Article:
Working with schools and parents on financial education is one of the important roles of Financial Nutrition in our mission to provide education for financial health. In fulfillment of our mission, I am excited to announce that I will be giving a talk for school representatives at NYC Parents in Action, or PIA this Thursday, October 22.
The PIA is New York City-based non-profit volunteer organization, committed to the belief that effective communication, parent to parent and parent to child, is vital to the healthy development of young adults capable of making sound choices. The PIA provides education, information and a communication network to inform parents about social and developmental issues, to help parents communicate openly, effectively and consistently with their children.
For this week’s blog post, I wanted to share the Guest Column I wrote mapping out money learning over a young life cycle, that is currently being featured on the PIA website ahead of this week’s talk.
The baby boom generation – the largest in our history – is now parenting the millennial generation, our current children and teens. This sizeable group, too, will leave its impact on the market. And while these children have started school or come of age in a time of recession, it is every parent’s hope that their kids will be able to acquire the skills needed to build wealth and grow it tremendously over the next few decades.
Our children must do this not only through their own earning, plus inheritance and marriage, but also through developing a firm understanding of financial management.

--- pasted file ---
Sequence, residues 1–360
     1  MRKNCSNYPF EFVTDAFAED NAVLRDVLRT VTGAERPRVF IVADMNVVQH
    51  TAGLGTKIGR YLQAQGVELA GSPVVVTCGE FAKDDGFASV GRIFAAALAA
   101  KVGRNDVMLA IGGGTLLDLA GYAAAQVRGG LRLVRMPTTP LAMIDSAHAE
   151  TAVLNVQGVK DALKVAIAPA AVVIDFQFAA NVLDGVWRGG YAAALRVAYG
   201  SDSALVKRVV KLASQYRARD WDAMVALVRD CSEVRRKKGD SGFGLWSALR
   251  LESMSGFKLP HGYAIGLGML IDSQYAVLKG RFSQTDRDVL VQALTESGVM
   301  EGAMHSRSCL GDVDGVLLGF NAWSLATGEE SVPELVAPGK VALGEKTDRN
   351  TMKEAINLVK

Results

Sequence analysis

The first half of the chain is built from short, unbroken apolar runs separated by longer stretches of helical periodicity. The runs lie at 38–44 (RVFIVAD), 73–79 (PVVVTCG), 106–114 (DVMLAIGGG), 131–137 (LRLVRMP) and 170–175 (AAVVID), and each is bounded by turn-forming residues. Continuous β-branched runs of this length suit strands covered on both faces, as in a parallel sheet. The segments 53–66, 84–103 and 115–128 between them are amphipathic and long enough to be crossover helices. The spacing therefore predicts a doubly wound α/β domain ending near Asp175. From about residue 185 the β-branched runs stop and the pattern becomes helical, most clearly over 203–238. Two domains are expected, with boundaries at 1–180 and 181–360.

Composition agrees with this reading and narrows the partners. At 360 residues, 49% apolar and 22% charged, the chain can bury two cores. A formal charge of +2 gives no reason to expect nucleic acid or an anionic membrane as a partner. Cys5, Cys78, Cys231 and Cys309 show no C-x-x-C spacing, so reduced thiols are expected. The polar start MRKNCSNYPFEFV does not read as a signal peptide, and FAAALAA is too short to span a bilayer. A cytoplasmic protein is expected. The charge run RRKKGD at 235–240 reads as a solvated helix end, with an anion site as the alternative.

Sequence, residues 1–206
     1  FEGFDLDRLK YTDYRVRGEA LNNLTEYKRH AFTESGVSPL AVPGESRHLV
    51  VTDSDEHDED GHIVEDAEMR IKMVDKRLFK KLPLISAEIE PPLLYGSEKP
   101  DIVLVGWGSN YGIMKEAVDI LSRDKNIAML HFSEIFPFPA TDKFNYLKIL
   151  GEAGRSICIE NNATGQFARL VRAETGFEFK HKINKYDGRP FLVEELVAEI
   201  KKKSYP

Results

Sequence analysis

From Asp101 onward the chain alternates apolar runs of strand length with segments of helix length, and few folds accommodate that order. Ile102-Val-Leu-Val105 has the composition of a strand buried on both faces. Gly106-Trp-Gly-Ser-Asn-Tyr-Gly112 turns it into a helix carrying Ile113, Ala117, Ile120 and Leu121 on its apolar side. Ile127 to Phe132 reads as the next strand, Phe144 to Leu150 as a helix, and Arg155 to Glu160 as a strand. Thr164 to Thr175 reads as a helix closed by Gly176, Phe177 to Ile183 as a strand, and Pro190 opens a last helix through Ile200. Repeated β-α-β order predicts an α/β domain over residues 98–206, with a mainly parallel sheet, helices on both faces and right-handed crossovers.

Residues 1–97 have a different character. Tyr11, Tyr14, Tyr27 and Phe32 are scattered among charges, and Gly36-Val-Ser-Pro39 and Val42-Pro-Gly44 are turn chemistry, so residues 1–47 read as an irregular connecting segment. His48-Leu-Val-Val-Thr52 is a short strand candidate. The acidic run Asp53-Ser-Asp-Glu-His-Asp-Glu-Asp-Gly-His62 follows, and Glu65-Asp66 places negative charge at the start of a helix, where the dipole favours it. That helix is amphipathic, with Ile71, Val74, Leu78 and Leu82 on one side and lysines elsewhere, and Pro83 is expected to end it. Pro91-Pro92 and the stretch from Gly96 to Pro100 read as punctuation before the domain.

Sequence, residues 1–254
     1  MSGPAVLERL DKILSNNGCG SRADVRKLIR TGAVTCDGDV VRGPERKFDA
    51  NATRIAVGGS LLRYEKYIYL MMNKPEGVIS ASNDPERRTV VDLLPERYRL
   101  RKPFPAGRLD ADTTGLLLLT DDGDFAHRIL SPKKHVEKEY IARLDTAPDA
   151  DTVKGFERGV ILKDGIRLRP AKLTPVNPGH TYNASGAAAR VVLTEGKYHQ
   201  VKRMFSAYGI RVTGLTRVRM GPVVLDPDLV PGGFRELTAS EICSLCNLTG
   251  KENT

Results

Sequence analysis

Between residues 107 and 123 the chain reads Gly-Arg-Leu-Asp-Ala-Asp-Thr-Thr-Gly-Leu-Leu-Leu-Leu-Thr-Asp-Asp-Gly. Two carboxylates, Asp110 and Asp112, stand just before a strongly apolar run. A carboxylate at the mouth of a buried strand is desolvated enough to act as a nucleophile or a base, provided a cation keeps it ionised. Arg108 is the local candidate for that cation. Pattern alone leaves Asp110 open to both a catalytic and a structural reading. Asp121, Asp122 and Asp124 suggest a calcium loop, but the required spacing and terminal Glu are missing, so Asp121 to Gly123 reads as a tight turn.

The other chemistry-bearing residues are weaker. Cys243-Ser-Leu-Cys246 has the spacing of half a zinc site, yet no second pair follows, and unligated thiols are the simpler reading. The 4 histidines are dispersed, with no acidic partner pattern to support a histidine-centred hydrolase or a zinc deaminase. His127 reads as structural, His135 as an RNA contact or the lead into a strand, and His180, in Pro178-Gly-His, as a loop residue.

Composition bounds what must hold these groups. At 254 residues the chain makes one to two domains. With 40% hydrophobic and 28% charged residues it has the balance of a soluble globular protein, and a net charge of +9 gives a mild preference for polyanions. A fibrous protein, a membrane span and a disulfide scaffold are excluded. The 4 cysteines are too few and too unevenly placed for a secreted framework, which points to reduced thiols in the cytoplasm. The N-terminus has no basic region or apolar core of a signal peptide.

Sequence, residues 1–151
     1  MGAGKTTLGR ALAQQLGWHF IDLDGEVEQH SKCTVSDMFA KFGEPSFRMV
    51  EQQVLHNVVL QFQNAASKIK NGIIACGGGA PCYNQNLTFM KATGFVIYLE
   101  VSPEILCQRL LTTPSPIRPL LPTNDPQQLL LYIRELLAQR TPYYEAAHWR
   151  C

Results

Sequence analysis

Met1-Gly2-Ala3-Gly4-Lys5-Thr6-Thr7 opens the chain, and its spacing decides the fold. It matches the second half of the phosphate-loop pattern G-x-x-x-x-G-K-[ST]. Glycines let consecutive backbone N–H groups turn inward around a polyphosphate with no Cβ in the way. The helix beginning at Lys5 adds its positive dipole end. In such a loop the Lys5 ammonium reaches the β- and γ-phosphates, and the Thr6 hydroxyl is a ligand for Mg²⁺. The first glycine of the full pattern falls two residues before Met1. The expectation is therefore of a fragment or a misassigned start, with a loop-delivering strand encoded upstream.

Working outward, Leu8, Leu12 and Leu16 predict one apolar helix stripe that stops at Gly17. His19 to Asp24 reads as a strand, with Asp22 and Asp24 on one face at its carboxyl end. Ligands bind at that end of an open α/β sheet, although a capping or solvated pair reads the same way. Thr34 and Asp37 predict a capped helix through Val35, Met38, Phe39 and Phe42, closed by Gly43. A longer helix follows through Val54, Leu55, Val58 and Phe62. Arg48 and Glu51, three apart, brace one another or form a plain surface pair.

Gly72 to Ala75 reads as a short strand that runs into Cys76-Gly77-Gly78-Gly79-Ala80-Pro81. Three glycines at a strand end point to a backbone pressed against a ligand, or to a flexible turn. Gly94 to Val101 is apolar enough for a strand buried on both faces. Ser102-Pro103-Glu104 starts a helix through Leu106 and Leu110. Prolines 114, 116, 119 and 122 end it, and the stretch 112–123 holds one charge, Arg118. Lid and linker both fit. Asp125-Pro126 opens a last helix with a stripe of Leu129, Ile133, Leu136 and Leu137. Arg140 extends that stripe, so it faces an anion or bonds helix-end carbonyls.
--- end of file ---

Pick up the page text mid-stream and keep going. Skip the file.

So while we know our children need to start developing a strong financial foundation today, it can be a challenge to understand how to get them there. For those of us already grappling with mortgages, salary negotiations, and retirement accounts, we need to see how learning about money at a young age benefits future wealth and responsibility.
It is definitely possible to teach a conceptual financial foundation to younger children, and see how that learning evolves into serious financial management. Let’s start with three easy financial concepts for elementary school-aged kids: understanding the difference between “wants” and “needs” when spending money, setting goals to plan to buy something in the future, and saving money to achieve those future spending goals.
Here’s a map of how those three simple financial concepts translate and build through time:
Wants vs. needs
Wants vs. needs: Budget allowance or part-time income
Goal-setting: Plan for college
Saving: Save and invest for college
Wants vs. needs: Budget college spending and full- or part-time income
Goal-setting: Pursue a major for potential career, including understanding career and income options
Saving: Manage student loan debt service and/or college fund
Wants vs. needs: Budget for life, including college debt repayment and saving for the future
Goal-setting: Negotiate the first salary with big spending goals like home ownership in mind
Saving: Start investing in a 401(k) or other retirement fund
Here’s a quick recap: understanding wants vs. needs translates into budgeting, which becomes a powerful tool for figuring out how to repay debt, save money, and know how much you need to survive on a day-to-day basis. Goal-setting covers areas like college, which then translate into careers, and ultimately dreams of home ownership, and the income you are going to need to get you there. Saving quickly evolves into college fund and/or debt management, and then investing as early as possible for retirement to take advantage of time and the power of compound interest.
The big wins show up in the 20s and beyond, when that first salary is negotiated to maximize income, as opposed to under-negotiating, which can cost $500,000 or so over a lifetime. Another win is starting to invest for retirement very young, so that less capital is necessary to yield more income later in life. This means a secure retirement and potentially more money along the way for other forms of life investment like home ownership. Budgeting at any age is a powerful tool, but even more so when debt repayment and saving are both in the mix.
It’s interesting to see how children of all ages can engage with money understanding and financial planning. It’s even more critical to see how much more financially powerful our future generation will be if they have an opportunity to actively learn and develop financial management through the years.